How to Deal with Frozen Pipes

Winter comes with a whole set of concerns, one of which is frozen pipes, where the damages can range from tiny leaks to completely burst pipes. Of course, prevention and protection is the most effective method of dealing with frozen pipes, but this isn’t always possible.

Our blog highlights the tell-tale signs of frozen pipes, DIY thawing methods and prevention methods. Read our tips below!

How to tell if pipes are frozen

Firstly, how are you going to tell if pipes are frozen? Well, for pipes to freeze in the first place, it has to stay below -6° Celsius. The pipes most at risk are those that are uninsulated and that are located in cold areas, such as attics and garages. As well as this, metal pipes are more likely to freeze than PVC pipes, and also thaw more slowly.
There are some tell-tale signs to frozen pipes, including a trickle from your kitchen tap. At a glance, your pipes could also be bulging, covered in condensation or have small cracks. If your pipes are frozen, the most important task is to prevent the frozen water from expanding inside the pipes. If this happens, the results could be extremely damaging and expensive.

My pipes are frozen… What now?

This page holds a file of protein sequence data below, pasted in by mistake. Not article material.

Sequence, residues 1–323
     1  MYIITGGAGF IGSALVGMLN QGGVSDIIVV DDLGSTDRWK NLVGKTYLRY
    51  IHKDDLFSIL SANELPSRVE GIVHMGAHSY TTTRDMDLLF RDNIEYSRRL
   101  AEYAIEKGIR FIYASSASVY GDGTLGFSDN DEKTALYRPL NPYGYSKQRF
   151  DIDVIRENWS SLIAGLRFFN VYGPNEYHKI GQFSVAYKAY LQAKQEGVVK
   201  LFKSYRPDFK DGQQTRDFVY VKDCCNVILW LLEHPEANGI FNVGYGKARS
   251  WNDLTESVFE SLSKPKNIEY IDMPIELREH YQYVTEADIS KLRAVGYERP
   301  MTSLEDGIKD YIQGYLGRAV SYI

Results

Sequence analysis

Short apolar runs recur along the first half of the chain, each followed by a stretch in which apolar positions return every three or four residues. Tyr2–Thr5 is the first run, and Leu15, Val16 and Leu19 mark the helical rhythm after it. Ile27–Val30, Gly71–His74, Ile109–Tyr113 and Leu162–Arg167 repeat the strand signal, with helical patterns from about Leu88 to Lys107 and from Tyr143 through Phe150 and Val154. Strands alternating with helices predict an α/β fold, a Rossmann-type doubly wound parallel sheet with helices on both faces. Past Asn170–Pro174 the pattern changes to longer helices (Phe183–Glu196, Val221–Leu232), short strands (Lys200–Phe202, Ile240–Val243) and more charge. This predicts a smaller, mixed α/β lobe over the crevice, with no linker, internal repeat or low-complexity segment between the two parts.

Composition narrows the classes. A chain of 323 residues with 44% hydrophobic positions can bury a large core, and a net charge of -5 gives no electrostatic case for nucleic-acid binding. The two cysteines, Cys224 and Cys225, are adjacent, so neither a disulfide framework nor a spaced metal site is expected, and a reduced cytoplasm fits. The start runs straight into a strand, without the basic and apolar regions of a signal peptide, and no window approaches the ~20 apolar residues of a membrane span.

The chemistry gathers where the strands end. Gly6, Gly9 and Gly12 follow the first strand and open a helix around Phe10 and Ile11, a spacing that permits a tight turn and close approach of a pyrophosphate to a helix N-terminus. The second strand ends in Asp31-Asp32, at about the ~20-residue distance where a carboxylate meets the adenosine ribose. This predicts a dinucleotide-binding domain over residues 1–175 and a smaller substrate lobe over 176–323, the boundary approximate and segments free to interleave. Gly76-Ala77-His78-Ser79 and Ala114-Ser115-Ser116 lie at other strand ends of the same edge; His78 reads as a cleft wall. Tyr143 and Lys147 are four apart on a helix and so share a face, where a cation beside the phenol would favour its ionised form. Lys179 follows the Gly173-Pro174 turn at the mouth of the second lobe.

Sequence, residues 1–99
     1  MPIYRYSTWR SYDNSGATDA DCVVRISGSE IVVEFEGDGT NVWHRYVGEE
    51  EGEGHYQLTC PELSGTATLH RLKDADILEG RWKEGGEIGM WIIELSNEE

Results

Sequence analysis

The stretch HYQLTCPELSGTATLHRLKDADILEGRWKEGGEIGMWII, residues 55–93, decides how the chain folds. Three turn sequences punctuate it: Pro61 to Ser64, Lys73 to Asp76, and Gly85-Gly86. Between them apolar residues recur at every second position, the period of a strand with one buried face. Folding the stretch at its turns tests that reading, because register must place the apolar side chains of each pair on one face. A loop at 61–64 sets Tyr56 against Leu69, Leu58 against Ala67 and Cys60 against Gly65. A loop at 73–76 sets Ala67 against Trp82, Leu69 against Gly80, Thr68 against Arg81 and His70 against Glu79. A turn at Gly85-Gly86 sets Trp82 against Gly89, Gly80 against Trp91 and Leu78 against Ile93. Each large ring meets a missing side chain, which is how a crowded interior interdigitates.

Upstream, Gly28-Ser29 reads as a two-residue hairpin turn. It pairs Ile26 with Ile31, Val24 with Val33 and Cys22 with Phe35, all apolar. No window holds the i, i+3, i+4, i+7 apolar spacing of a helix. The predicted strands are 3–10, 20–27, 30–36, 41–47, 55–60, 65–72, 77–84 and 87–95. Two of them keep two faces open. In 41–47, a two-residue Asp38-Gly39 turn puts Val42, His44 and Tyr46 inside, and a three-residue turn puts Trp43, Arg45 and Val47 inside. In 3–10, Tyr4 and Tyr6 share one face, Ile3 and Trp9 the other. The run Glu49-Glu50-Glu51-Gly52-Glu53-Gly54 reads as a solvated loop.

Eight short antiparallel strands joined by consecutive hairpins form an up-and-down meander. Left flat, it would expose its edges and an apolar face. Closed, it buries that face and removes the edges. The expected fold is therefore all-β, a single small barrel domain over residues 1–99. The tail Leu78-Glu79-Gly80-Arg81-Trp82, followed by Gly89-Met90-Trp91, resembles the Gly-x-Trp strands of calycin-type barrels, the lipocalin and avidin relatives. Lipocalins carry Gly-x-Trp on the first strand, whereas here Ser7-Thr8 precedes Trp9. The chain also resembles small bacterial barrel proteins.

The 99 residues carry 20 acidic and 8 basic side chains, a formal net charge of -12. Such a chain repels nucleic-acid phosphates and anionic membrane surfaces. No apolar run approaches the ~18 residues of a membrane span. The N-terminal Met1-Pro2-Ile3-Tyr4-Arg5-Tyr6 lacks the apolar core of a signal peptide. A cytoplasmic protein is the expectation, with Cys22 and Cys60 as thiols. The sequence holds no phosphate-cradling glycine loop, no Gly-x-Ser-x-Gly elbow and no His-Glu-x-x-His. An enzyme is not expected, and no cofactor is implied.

Pipes do thaw on their own but this can take a few days, especially if the temperature remains cold. Leaving them to thaw involves other risks, such as a build-up of pressure resulting in bursting if the weather doesn’t improve.
You can try to thaw the pipes yourself, with the following DIY methods:
  1. Hot water bottle
Yes, you read that right! This is particularly useful for outside pipes and easily thaws any frozen water.
  1. Portable heater
If you don’t have a hot water bottle, placing a portable heater near to the frozen pipe will help if to thaw slowly.
  1. Hair dryer
If you’re a safe distance from water, using a hairdryer to direct hot air at the frozen pipe can also be an option. Take care not to overheat the pipe, so adjust the heat setting to medium.
  1. Heat lamp
Similarly to the portable heater, place the heat lamp close to the pipes based on where the swelling or expansion may be.

However, prevention is better than cure. You can do this by…

  • Ensuring that water is regularly run through the most exposed pipes. This can be done by running taps often.
  • Keeping the heating on at a low consistent level instead of leaving it off for prolonged periods of time.
  • Insulating the colder rooms, such as the attic
  • Insulating the pipes with pipe wrap, or wrapping heating tape around them
  • Keeping an eye on pipes on the particularly cold days and nights to ensure they haven’t frozen over
  • Preventing cold air from reaching exposed pipes by keeping doors and windows closed

Our Builders Merchants supply plumbing products, including pipe insulation. Don’t hesitate to get in contact with us for more information.

The above article was published on 21st February 2022, and is subject to change and further guidance.